This means that no matter how high the quality of an image you have, you lower the quality once you crop it and zoom in. Even though security cameras have better optical zoom than your cellphone’s camera, they still lose some quality when zooming in. Unfortunately, this is one of the main ways that you use a camera to catch a criminal, so you see this happen often.
When you monitor a large space, you will almost always need to zoom in if trying to capture small details. Another thing to consider is that your security camera is doing more work than the camera on your phone. A security camera:
- Uses infrared lights to help capture video in low light situations.
- Has better optical zoom to better capture close up images.
- Has enhanced processing power that not only adds timestamps but also can compress and convert the video feed.
When it comes to all the functions a security camera offers, the cost can become an issue, one reason why many choose to save cost by splicing cables (our guide). This, combined with the storage limitations, means that manufacturers are always balancing these essential features with a resolution to make a product that is not only cost-effective but also of high quality.
Security cameras are also built to last. So while you might see the camera on your phone get upgraded every few years (like we’ve discussed in the past in our guide on phone reboots), some security systems can last upwards of 20 years. Put simply, there are security systems built in the 1990s that are still functional today, despite the fact the video footage isn’t as high quality as what’s available now.
How to Fix Blurry Security Camera Footage
If you’re trying to troubleshoot a blurry or grainy video feed, there are a few quick and easy ways you can solve the problem. Read through these tactics to see if any sound like a good option for you.
Buy A 5MP or 8MP Camera
If you are still being plagued with low image quality, there are some things you could consider that could help. The easiest solution would be to use a camera with a higher resolution. You could always opt for a 5MP or 8MP camera like the Armcrest UltraHD (on Amazon), but this will undoubtedly cost more. You could also be more strategic with your camera placement, so that less zooming is necessary.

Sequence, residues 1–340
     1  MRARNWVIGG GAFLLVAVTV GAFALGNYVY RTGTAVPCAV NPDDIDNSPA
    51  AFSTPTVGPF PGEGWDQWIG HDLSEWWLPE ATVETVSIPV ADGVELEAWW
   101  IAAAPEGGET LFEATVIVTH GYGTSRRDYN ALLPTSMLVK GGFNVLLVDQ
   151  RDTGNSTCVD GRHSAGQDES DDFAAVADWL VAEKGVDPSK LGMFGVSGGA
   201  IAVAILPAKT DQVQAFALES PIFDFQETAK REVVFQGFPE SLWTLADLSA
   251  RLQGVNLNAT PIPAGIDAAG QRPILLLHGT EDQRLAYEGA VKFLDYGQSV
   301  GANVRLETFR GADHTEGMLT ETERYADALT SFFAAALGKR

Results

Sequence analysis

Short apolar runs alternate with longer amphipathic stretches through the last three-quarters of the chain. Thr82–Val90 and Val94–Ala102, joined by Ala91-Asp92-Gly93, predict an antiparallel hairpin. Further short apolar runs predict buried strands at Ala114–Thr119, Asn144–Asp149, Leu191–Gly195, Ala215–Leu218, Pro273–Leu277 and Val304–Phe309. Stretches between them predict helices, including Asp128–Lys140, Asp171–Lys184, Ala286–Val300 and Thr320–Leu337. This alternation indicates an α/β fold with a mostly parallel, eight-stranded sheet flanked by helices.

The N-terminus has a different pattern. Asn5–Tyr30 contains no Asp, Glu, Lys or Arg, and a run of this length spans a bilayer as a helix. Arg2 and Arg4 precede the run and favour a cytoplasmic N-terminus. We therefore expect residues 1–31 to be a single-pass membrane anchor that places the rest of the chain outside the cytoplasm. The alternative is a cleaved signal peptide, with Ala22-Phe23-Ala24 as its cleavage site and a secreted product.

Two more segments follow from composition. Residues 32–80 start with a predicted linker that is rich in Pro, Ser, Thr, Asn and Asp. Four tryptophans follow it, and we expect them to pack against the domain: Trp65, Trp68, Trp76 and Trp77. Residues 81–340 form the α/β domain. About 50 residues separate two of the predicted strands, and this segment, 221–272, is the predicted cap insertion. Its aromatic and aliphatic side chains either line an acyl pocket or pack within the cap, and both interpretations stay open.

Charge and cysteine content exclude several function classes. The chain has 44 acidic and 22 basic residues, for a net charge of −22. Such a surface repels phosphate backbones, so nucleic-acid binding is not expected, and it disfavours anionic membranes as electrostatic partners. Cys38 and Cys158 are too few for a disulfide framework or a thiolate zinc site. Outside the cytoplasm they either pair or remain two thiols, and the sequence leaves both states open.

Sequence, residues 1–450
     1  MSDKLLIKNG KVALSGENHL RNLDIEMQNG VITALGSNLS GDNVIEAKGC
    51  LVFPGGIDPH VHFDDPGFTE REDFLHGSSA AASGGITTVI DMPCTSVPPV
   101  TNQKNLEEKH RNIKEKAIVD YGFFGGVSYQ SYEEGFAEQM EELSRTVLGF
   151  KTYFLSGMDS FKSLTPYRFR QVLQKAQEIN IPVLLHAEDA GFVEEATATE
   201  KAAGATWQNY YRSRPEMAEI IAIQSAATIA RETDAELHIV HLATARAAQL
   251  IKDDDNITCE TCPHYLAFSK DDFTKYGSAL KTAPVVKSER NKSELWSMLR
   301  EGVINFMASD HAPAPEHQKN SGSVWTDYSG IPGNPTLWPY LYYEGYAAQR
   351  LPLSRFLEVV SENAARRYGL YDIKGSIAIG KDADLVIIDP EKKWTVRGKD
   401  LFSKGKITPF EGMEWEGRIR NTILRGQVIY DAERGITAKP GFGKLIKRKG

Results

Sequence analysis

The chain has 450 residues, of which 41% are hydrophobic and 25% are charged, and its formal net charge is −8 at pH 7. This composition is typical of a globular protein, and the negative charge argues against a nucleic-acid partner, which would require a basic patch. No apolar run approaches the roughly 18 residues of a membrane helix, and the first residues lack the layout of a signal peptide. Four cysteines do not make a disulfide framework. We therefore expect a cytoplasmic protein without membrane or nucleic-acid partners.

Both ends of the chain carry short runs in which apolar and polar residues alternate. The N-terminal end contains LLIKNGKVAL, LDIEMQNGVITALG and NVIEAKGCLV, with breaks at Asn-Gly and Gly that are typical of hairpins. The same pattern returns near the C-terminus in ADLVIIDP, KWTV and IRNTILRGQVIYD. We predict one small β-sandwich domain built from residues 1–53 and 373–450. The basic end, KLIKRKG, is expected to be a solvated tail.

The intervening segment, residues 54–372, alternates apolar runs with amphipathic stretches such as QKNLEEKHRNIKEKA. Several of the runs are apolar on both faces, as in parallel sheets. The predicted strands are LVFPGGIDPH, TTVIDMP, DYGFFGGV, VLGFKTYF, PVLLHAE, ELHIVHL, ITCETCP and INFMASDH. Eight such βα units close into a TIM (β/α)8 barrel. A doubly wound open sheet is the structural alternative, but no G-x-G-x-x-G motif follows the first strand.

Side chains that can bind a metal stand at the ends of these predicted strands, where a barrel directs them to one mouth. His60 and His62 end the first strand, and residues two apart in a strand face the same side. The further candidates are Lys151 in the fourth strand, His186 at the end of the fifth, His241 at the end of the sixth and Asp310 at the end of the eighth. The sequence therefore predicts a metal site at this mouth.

Have More Than One Camera
One of the main reasons a camera loses image quality is due to zoom, so making sure you aren’t overusing the feature can limit this reduction. If you have a large space to cover, you could always opt for using multiple cameras instead of one. This can be more expensive but will result in a higher quality video from different angles. But, as discussed above, this will also increase the storage space required.
Make Sure to Test Your Camera
It’s also always good to test out your equipment to set reasonable expectations. You certainly don’t want to be surprised that your video quality is unusable when you need it the most. A good practice is to test your equipment in the field. Test whether your cameras will perform the way you want them to.
This means trying to see faces or license plates. Try and make sure you can make out small details with the zoom without too much quality loss. Understanding your security camera’s limitations will help you avoid problems with lower quality video. Not only is storage space a concern when using cameras to monitor an area 24/7, but also quality loss happens when you zoom or crop an image.
Security cameras also do much more than just capture video; they’re designed to work in low light situations, process and timestamp the image before sending off to be stored, and they often have a higher quality optical zoom than other digital cameras. All this said, security camera technology is progressing fast, and new cameras produced today will sport high-quality resolution like 1080p and 4k, and they will get smarter about only saving the video you want, not everything. But we’re not there yet.